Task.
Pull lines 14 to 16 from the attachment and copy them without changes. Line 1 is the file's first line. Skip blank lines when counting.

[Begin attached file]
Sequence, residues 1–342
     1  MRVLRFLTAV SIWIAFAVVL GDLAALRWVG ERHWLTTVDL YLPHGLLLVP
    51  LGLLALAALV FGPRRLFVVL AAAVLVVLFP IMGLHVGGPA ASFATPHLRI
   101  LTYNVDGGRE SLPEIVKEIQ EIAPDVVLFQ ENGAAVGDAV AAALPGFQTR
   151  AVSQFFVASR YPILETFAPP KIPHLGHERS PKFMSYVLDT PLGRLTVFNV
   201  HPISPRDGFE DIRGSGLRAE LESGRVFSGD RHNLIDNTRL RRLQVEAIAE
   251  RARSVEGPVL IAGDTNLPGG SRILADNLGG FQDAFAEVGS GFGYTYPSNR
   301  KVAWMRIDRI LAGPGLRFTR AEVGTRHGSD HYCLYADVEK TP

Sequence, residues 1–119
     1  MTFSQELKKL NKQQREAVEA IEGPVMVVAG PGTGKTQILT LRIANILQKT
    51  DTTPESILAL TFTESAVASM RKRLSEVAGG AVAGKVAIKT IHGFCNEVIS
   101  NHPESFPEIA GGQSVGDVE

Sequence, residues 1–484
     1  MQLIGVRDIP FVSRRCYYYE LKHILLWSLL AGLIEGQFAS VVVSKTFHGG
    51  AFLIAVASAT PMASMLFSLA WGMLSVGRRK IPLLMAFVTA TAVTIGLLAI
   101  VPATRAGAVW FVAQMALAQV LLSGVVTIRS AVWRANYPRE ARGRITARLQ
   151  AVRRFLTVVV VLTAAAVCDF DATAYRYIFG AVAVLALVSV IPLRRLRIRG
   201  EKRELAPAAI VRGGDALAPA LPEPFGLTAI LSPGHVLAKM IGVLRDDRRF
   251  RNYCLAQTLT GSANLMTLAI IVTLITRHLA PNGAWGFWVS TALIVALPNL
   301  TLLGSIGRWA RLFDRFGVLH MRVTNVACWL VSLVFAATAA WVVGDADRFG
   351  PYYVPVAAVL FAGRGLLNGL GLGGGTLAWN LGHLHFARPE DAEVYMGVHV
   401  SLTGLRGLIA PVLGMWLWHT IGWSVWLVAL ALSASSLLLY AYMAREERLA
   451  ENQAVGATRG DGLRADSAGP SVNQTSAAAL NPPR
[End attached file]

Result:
     1  MQLIGVRDIP FVSRRCYYYE LKHILLWSLL AGLIEGQFAS VVVSKTFHGG
    51  AFLIAVASAT PMASMLFSLA WGMLSVGRRK IPLLMAFVTA TAVTIGLLAI
   101  VPATRAGAVW FVAQMALAQV LLSGVVTIRS AVWRANYPRE ARGRITARLQ